Cyber Privacy & Security News of the Week: It’s Black Hat Season

With the Black Hat USA going on, cars being hijacked and countries spying on each other, the first week of August has been all about zero day hacks and growing concerns about personal and national privacy.

What does the New Do-Not-Track Standard Mean?

The Electronic Frontier Foundation (EFF), privacy company Disconnect and a coalition of Internet companies have announced a stronger “Do Not Track” (DNT) standard – a policy meant to protect Internet users from data tracking and loging.

But what does it really mean? Track and log data but not retarget in advertising purposes? EFF explains all the details about how the new standard works.

With websites like medium.com having already adopted the new standard, the question remains which – if any – other big players will follow.

Black Hat Season, Zero Days Vulnerabilities, and New Malvertising Campaigns

It seems that every day we find out about new ways of spying and hacking, especially on Black Hat Season. This week the controversy was all about the types of malware that broadcast your private life through the lens of your webcam without you even noticing.

Meanwhile, a group of US researchers demonstrated how simple it is to hack computers, printers and other devices by simply picking up sound waves with a radio antenna.

Even your phone’s battery can compromise your privacy. All it takes is a Battery Status API that lets websites check your battery level with such precision that it allows them to track you in short time intervals.

Car hacking took focus this month. After several stories about hackers making their way into cars’ software, Tesla announced a security update to its Model S car. The reason – six flaws that allowed security researchers to hijack it.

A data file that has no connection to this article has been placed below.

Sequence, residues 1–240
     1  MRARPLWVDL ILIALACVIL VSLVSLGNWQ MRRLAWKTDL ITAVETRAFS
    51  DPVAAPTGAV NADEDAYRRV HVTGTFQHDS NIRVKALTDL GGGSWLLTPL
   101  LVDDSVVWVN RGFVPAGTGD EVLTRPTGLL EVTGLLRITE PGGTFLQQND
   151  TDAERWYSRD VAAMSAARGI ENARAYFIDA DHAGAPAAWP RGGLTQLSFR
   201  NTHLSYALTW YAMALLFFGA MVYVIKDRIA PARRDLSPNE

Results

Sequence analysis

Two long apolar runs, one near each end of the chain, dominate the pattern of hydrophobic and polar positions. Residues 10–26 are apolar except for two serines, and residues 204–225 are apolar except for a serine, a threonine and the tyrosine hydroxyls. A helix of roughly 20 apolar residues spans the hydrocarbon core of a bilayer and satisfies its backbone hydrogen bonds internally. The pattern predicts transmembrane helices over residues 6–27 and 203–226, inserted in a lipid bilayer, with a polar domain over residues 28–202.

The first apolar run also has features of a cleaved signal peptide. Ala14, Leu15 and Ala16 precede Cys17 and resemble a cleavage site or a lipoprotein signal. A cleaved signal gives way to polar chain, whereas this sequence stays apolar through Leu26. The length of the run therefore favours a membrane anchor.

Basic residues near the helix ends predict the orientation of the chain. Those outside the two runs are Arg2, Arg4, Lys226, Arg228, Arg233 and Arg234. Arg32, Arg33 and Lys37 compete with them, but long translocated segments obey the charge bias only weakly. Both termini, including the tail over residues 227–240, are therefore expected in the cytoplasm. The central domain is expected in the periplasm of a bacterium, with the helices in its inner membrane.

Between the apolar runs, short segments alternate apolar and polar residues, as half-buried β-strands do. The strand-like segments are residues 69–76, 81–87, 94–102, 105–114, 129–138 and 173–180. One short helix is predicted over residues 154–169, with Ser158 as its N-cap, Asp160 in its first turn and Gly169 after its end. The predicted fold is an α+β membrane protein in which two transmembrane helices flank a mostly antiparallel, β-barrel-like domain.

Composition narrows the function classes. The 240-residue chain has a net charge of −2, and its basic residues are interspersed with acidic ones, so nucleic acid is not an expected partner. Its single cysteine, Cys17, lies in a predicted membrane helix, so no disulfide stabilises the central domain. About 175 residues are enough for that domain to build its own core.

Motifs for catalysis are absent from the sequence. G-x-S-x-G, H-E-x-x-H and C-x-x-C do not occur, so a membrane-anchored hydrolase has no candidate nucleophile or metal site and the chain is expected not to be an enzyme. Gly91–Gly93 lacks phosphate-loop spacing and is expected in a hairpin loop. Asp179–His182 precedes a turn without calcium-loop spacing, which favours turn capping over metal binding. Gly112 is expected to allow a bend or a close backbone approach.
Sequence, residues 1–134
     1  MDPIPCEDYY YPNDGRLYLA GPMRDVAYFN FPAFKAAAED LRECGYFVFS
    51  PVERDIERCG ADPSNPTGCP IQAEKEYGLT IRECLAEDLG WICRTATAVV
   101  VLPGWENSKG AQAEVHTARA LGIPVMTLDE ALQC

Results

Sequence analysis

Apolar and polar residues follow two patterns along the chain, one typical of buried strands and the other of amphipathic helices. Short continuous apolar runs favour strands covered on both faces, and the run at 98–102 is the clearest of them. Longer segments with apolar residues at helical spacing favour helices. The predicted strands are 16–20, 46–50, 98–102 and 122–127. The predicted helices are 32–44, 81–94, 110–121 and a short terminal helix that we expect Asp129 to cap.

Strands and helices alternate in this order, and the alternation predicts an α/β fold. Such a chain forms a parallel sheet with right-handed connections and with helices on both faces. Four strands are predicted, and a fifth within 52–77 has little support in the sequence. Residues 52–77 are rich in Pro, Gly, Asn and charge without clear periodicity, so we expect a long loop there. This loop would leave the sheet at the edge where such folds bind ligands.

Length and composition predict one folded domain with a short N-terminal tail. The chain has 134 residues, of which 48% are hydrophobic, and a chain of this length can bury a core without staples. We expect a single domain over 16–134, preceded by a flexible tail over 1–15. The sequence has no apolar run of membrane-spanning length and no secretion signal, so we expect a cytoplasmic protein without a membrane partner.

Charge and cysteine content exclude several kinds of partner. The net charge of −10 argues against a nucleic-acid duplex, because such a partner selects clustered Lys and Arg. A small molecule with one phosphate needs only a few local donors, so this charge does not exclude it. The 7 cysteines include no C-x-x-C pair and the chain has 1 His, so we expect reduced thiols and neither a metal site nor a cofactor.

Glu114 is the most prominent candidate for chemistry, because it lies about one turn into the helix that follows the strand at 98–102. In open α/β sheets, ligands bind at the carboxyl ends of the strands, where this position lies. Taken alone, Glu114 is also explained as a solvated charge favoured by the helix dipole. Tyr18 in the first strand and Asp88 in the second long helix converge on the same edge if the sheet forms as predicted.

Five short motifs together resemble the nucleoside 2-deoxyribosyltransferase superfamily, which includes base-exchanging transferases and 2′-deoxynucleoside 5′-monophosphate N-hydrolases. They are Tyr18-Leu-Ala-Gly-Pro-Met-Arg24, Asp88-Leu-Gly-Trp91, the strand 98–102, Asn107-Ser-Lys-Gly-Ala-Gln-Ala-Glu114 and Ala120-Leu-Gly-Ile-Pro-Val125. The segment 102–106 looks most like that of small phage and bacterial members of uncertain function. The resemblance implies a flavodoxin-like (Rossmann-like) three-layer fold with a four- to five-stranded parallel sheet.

The end of July brought a massive malvertising campaign targeting Yahoo’s 7 billion monthly visitors. Infosecurity Magazine reported more on the subject, citing security researchers that explain how malicious ads work.

 

International spying and censorship

Wikileaks revealed this week information about how the NSA spied on 35 top Japanese officials and companie, passing the intelligence to Australia, New Zealand, Canada and the UK. Wikileaks even published a list of Washington’s targets, including Japan’s Central Bank, Finance Ministry and companies such as Mitsubishi and Mitsui.

Later this week NBC cited sources stating that Russia launched a “sophisticated cyberattack” against the Pentagon’s Joint Staff unclassified email system, which has been shut down and taken offline for nearly two weeks. According to the officials, the “sophisticated cyber intrusion” occurred sometime around July 25 and affected some 4,000 military and civilian personnel who work for the Joint Chiefs of Staff.

India has been under the media spotlight this week after its government announced a ban on more than 800 adult content websites. Less than a week from this announcement, the Government partially lifted the restriction, following widespread outcry. The ban has been limited only to sites that contain child pornography.

Is protection from cyber attacks just an excuse for more censorship in China? The country wants to plant internet police in top online firms, raising concerns about the government control over the Internet. Already, websites based in China have to respect strict censorship measurements and very often delete comments considered offensive by the government.

Not even VPNs are what they seem to be in China. Security experts at RSA Research say they’ve identified an archipelago of Chinese-language virtual private network (VPN) services marketed to Chinese online gamers and those wishing to evade censorship, but which also appear to be used as an active platform for launching attacks on non-Chinese corporations while obscuring the origins of the attackers.